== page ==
'Therese Raquin' transfers to the Park Theatre from July 31.
For most of Act l, the antiheroine of this brilliantly miserable new musical doesn’t utter a word – until her husband’s friend unlocks her shrill soprano in what may be the first ever scored orgasm.
In the grim finale, Thérèse Raquin’s aged mother-in-law is struck mute by her discovery that the lovers have murdered her son. There’s plenty going on in Nona Shepphard’s new adaptation of Zola’s 1867 classic, which she also directs – sex, violence, haunted portraits and cat defenestration included. But some key moments are small and silent: a straining chest, a desperate pair of eyes.
The Finborough’s tiny stage is the perfect setting for a study of stifling domesticity swapped for suffocating guilt, and Laura Cordery’s set hugs the 12 performers like a cheap wood coffin.
Ben Lewis’s painter Laurent secretes careless masculine force as he settles on seducing Thérèse (Julie Atherton) with the refrain ‘may as well and why not’. Jeremy Legat ratchets songs into tantrums as the childish husband Camille. Tara Hugo is superb as his mother, Madame Raquin, a Lear-sized guilt-tripper whose (brilliantly directed) domino evenings in her Paris shop incubate irritation and tension.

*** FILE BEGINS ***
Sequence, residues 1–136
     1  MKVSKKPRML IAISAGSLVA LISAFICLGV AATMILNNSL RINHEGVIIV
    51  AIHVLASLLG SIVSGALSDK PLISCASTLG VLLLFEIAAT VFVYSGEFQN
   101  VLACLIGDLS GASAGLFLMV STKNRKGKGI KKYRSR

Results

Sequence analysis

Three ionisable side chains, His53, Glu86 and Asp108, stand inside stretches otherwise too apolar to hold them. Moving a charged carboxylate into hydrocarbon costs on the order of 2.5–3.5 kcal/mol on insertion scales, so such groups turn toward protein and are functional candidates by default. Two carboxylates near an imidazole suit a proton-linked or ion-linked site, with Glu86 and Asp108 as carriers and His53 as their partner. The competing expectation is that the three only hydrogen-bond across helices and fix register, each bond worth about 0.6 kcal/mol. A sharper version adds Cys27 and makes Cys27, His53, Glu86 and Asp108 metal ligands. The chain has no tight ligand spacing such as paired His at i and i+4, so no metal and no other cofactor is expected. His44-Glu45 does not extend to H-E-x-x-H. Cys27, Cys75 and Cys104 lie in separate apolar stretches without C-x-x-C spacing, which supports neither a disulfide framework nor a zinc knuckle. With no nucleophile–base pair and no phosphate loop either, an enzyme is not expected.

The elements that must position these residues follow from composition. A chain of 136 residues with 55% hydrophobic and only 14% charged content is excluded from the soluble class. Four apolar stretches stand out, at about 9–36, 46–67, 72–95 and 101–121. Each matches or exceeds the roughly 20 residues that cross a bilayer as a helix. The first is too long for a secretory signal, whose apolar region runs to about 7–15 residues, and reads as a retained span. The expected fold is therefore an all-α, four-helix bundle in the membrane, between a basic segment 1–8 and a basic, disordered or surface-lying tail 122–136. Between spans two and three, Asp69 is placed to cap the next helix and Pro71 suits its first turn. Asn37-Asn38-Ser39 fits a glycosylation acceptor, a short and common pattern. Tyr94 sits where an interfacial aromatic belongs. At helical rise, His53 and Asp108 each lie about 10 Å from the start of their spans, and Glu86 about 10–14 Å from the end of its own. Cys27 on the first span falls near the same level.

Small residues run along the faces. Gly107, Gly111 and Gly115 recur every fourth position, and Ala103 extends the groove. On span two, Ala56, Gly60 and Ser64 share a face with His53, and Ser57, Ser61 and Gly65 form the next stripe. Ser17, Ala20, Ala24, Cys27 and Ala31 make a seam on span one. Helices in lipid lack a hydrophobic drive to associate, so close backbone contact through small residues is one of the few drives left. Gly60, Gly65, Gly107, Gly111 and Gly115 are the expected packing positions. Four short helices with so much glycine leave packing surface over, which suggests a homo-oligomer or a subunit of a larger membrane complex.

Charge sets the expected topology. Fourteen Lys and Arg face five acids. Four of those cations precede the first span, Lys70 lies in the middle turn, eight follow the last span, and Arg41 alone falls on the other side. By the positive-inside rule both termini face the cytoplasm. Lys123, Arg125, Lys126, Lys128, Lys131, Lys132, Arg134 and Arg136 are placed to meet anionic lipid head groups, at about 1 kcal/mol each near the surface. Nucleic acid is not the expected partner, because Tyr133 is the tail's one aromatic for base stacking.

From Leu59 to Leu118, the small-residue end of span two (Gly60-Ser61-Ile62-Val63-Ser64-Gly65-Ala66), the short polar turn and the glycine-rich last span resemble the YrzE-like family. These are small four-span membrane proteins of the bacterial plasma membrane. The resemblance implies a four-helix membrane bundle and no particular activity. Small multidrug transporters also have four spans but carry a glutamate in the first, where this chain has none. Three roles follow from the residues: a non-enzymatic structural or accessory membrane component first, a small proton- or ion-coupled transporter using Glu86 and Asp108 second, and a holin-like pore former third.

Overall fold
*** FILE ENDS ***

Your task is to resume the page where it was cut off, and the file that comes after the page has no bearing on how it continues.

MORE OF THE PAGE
Pockets of silly melodrama aside, Shepphard skilfully balances bleak naturalism and black comedy. In one extraordinary song, Madame Raquin insists her new life with Thérèse and Laurent is a picture of contentment. She has to gasp it out hysterically over the noise of the guilt-stricken couple rowing through the bedroom wall.
‘I have simply done on two living bodies the kind of analysis that surgeons do on dead bodies,’ Zola said of his original novel. Each note of Craig Adams’s modern score is a brutal little nick of the scalpel.